Give Your Cyber Intelligence Dashboards a Facelift With These Advanced Chart Types

Posted: 23rd December 2014
Give Your Cyber Intelligence Dashboards a Facelift With These Advanced Chart Types

This is the third post in our blog series, “Visualizing Cyber Intelligence.”

In the cyber security world, charts and dashboards are indispensable. Yet, few analysts take the time to consider which is the right chart to use for the job at hand. In this post, we look at some commonly used charts, as well as advanced chart types that can turn you into a cyber crime-fighting superhero.

This post covers three types of dashboards a cyber intelligence analyst uses on a day-to-day basis:

  • Static
  • Interactive
  • Executive

Static Dashboards

These dashboards are used to display a very specific section of the overall pool of data to the analyst. Static dashboards focus on past information, and can be generated ad hoc (when needed) through applications, or on a scheduled basis via email.

It’s good to stick with the basic chart types for static dashboards. These include the bar chart, line chart, and pie chart. Bar charts are great for comparing multiple values, and spotting outliers. Line charts are ideal for doing time-series analysis when you want to spot a trend over a period of time. When using a line chart, one simple yet powerful technique that helps read the data better is to add a trend line.


Popular among stock analysts, trend lines make it easy to spot variations in data over time, and identify how quickly a metric rises or falls.

Pie charts tend to be commonly used in dashboards. However, as a word of caution, they’re only somewhat helpful if they have up to three to four slices, and become almost impossible to read as the number of slices increase.


Though colorful, this pie chart is cluttered, and doesn’t help read the data. With that said, you may want to consider replacing your pie charts with bar charts. You’ll be able to understand your data better, and your dashboard will still look great.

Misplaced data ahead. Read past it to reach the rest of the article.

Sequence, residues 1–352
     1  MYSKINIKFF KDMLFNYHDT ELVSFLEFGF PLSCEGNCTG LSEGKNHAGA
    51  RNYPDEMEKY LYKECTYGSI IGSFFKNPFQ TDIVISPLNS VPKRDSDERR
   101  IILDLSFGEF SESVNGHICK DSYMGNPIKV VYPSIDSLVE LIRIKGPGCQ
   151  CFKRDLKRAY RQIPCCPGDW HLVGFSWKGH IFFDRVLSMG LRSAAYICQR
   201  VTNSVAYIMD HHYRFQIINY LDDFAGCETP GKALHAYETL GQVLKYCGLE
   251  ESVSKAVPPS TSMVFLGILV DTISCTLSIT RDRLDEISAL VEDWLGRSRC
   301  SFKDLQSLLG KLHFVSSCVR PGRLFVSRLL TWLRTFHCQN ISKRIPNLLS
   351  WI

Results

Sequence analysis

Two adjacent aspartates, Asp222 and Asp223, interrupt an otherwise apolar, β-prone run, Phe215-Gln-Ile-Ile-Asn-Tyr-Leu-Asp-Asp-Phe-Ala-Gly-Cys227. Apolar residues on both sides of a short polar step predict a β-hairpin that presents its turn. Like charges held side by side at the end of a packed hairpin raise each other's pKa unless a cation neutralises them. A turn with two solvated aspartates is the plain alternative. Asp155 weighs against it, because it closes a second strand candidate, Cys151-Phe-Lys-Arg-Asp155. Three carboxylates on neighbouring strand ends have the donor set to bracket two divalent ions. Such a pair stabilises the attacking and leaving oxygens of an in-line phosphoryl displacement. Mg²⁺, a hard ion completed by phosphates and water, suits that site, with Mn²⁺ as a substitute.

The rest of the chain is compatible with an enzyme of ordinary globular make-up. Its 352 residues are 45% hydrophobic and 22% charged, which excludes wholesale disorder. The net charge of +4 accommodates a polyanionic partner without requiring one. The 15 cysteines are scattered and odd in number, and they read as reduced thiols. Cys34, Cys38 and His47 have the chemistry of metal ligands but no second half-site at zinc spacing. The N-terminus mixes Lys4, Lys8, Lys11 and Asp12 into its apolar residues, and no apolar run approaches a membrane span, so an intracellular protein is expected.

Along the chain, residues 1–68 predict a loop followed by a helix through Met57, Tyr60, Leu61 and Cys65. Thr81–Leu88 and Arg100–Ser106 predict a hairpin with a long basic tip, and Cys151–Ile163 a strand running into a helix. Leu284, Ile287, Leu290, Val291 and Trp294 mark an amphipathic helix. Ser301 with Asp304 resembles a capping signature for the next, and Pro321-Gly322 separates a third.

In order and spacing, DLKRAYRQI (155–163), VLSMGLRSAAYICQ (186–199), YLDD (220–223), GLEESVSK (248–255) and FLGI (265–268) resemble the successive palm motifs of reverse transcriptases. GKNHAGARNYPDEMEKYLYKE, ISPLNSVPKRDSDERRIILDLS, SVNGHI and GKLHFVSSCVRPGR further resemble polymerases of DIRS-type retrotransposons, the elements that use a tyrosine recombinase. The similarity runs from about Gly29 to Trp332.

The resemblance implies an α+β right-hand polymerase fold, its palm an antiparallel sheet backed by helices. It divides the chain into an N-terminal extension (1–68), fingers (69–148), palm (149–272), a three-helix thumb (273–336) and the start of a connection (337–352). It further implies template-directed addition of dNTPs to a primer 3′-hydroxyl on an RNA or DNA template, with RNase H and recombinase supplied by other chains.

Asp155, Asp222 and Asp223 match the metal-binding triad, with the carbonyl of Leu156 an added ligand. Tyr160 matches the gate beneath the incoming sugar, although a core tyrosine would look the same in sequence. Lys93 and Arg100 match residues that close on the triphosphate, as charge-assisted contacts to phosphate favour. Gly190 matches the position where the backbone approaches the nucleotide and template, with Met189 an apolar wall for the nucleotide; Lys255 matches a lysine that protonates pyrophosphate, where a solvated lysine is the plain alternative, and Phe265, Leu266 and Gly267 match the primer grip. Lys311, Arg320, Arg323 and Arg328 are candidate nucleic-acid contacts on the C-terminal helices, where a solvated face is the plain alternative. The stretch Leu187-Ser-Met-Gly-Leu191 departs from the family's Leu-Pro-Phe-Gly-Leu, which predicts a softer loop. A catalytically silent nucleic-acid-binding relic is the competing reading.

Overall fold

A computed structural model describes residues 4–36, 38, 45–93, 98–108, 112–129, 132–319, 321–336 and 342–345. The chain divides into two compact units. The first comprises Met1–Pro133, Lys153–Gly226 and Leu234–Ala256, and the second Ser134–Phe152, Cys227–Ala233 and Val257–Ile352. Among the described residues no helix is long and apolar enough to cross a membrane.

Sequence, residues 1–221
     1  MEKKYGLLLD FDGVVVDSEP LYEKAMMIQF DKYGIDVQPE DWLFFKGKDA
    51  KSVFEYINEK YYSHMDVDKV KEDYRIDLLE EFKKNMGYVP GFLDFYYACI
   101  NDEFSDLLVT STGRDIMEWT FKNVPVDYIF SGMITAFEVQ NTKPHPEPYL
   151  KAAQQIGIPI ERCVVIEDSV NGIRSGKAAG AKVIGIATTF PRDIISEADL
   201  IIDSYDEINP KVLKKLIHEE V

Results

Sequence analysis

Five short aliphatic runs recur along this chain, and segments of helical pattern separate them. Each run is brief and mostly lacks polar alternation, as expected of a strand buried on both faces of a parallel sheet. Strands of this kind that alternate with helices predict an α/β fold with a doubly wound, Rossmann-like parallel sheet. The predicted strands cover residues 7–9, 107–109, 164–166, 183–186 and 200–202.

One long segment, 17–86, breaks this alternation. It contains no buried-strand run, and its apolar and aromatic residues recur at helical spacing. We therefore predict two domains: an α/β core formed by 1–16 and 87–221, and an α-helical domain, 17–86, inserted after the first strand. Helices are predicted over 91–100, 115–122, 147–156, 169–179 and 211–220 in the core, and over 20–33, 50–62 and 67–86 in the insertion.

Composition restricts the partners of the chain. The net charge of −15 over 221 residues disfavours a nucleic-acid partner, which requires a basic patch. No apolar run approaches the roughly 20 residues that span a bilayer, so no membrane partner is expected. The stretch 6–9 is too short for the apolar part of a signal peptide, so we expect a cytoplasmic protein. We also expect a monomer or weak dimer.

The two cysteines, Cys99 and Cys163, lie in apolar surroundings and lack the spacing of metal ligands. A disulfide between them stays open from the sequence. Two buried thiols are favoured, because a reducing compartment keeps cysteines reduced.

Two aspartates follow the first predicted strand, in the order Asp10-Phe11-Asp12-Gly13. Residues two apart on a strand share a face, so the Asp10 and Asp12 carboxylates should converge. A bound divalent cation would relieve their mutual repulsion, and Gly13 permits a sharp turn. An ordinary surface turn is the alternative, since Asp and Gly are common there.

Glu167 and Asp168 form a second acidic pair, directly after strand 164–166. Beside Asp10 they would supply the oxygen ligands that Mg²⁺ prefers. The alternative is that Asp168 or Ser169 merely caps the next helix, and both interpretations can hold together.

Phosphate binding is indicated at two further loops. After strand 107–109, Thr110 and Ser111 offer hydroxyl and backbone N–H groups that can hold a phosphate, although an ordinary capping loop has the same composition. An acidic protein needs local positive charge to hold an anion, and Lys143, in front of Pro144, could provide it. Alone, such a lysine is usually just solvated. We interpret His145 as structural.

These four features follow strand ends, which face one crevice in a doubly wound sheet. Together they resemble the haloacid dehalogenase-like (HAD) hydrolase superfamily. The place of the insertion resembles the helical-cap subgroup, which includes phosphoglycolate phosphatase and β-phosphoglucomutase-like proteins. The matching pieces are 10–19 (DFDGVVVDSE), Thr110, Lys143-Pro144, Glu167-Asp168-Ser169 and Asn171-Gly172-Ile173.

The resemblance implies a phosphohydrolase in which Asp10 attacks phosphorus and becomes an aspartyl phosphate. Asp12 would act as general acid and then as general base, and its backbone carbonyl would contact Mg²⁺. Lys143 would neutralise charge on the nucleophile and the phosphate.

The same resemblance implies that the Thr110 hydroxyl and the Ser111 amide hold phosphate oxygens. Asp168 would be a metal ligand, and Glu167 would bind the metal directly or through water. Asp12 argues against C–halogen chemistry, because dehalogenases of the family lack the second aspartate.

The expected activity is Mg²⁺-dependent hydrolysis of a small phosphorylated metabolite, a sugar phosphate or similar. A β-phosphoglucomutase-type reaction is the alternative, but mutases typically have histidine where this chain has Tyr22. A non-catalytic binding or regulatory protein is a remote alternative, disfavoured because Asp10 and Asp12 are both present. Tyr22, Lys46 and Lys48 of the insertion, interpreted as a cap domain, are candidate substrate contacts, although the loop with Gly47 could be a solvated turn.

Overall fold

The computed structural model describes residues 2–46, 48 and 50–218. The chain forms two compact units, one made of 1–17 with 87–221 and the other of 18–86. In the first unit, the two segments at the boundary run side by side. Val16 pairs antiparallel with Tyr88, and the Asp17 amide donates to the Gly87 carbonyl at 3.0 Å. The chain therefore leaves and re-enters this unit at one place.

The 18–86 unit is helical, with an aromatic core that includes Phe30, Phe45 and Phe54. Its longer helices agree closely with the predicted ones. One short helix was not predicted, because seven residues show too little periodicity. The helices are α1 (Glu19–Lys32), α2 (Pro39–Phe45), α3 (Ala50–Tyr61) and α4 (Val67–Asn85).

Interactive Dashboards

Raffael Marty, author of Applied Security Visualization, says the purpose of dashboards in cyber security is “to understand the current state of systems and applications, and presently ongoing tasks or events of interest.” To do this, the security analyst relies not only on static dashboards, but on interactive dashboards that allow slicing and dicing of data.

Let’s say you’ve spotted an anomaly in your weekly report, and want to dig deeper to find the root cause, that’s when you’ll switch from your static report to a live application. Static dashboards enable you to spot problems, but interactive dashboards give you the information you need to resolve them. Interactive dashboards may contain data as recent as a few minutes ago, or even data that’s updated in real-time.

The basic chart types – bar charts and line charts – come in handy here too, but unlike in a static dashboard, they need to be augmented with interactive features like filter, sort, zoom, scroll, tooltips, and more.

If you want to drill down to find the exact source of the issue, often, a network chart is the go-to-chart for the cyber intelligence analyst. A good network chart should be able to direct the viewer’s attention to the affected systems, or users immediately, and allow them to follow the nodes to the source of the attack, or issue.

Recorded Future has a great example of a network chart that allows viewers to trace the source and context of the issue. It lets you dig deeper by showing a rich tooltip (box) with minute details.


Executive Dashboards

While cyber security professionals may spend their time firefighting attacks, they always strive to influence their organization’s strategy. This is where executive dashboards come in.

Marty, in his book, says CIOs who use executive dashboards often comment, “Show me when my crown jewels are at risk.” CIOs want to see their most important business metrics at a glance whenever they need to. The dashboard acts like a thermometer showing vital health statistics for the entire operation. According to Marty, this gives the CIO “situational awareness” enabling them to “drive decisions and react to, or proactively address, upcoming problems.”

Here’s an example of an exemplary CIO dashboard created by the leading expert on dashboards, Stephen Few:


One of the many reasons this dashboard stands out is for its use of advanced chart types like bullet graphs, and sparkline charts. These charts are rarely used, but are one of the most effective chart types a cyber intelligence dashboard could have. They pack a lot of information in very little space, allowing the viewer to compare data points, and analyze the context in a matter of seconds.

As a take away from reading this post, do look at your cyber intelligence dashboards for opportunities to change the chart types, and interactive features in them. This effort will enable you to be much more efficient, and even uncover hidden opportunities from your data.

With that we come to the end of our “Visualizing Cyber Intelligence” series. If you enjoyed reading this post, be sure to catch up on the previous two posts as well:

Twain Taylor Twain Taylor is a guest blogger for Recorded Future. You can find more insight by Twain about the intersection between data visualization and big data on the FusionCharts blog.